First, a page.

M. Tittoni said that he thought an extraordinary commissioner might possibly cause annoyance. The desired result might be obtained by extending the powers of Consuls in Macedonia.
M. Clemenceau said that conflict would inevitably ensue with any such system. It might even amount to the re-introduction of the “capitulations”.
Mr. Headlam-Morley said that the object of the Committee should be to do away with any reminiscences of the old control of the Powers. A very careful attempt had been made to avoid this difficulty.
Mr. Polk said that he felt the same scruple as M. Clemenceau. He did not wish to hurt the national pride of the Serbs. On the other hand if nothing was done the Macedonians would suffer.
M. Clemenceau said it was for this reason that he suggested the threat of imposing a Commissioner. He suggested that a formula be introduced in the Treaty to the effect that the League of Nations would send a Commissioner to Macedonia, should trouble arise in the area. The Serbs would understand that they must behave.
Mr. Polk asked whether M. Clemenceau suggested the insertion of this in the Treaty of Peace itself.
M. Tardieu said that he thought that if anything of the sort was said, it would be better to say it in a letter, but he did not think it desirable to say anything of the kind. Why should Macedonia be specially singled out?
Mr. Polk asked whether the suggestion could not be made to the Serb, Croat Slovene Delegation. Their opinion might then be obtained.
Mr. Headlam-Morley said that though the Delegation had not seen the draft Treaty, he was quite certain they would refuse to sign it. He did, however, think it urgent to submit the Treaty to them. They would certainly make comment on the Article as at present drafted. It was better to submit it to them in a strong form, in order to have a margin for concessions.[Page 34]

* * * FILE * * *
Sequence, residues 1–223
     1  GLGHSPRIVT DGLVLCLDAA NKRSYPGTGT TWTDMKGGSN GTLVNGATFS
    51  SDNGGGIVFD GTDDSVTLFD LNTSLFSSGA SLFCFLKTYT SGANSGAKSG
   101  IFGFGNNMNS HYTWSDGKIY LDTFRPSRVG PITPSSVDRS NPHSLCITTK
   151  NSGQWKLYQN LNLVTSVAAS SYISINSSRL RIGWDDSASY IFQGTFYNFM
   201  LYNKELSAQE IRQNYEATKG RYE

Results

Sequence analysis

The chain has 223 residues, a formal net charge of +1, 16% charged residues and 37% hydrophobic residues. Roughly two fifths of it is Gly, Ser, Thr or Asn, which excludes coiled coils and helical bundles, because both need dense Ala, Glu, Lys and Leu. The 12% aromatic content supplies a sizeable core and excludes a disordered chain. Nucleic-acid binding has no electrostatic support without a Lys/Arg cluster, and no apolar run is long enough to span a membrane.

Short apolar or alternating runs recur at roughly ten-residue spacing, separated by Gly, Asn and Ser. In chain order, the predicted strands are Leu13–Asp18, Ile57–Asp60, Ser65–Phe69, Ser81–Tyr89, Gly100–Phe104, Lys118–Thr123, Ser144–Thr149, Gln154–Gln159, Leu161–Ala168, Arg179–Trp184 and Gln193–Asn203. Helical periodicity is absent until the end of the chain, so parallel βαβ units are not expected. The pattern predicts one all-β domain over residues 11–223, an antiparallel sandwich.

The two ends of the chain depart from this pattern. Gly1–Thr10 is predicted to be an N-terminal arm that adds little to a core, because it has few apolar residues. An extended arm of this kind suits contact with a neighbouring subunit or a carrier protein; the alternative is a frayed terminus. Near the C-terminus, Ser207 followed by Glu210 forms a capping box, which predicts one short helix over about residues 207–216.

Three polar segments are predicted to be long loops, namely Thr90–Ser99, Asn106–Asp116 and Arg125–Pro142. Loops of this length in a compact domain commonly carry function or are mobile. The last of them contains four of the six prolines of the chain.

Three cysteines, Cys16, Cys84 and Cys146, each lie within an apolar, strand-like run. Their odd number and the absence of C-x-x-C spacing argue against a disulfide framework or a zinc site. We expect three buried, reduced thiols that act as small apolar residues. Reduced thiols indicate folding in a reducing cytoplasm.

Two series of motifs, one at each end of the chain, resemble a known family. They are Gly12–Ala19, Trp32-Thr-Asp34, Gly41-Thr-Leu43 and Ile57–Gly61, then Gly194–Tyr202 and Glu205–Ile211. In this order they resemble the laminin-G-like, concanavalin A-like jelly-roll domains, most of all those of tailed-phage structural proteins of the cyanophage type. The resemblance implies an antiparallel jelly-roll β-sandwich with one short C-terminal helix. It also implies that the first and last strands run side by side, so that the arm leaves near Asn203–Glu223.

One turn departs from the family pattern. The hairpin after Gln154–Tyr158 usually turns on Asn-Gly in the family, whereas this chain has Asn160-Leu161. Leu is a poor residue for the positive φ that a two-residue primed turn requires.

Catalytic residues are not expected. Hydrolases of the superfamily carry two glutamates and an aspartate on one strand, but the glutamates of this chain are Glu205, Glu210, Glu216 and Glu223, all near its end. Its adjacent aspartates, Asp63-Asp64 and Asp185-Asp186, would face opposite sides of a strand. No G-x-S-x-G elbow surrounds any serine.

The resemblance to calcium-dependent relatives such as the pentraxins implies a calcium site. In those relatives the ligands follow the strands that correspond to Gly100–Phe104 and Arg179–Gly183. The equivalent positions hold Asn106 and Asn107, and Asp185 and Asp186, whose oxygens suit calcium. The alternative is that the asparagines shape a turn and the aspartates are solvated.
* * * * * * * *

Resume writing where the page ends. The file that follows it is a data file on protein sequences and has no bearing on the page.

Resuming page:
Mr. Polk said he thought in the end it would be necessary to amend the Article in the sense suggested by M. Clemenceau. He agreed, however, that the Article in its present form might be shown to the Serbs.
Mr. Headlam-Morley said that the Committee wished genuinely to obtain the views of the Delegation. The Committee had not had the advantage of discussing the question with them in consequence of their uncompromising attitude. The conversations with M. Venizelos on the other hand had been very fruitful.
Mr. Balfour asked what the Committee would do if the Serbs regarded the Article as such an insult to them that they refused to discuss it.
M. Tittoni suggested that the Article be so worded as not to impose a Commissioner, but to suggest the appointment of one if necessary.
M. Tardieu said that whatever the situation in Macedonia might be, he did not think it right to add a special provision to the clauses, which in themselves were extremely unpopular. There were other areas in which disturbances might be expected. He did not look forward to the administration of part of Serbia by the League of Nations. Such a provision could not in any case be made general.
Mr. Balfour said that the Commissioner, he thought, would not have an agreeable post. He would have no executive authority and no protection. He could only offer advice which might be neglected with impunity. There seemed to be areas in which mutual massacres were the only method of reaching conclusions.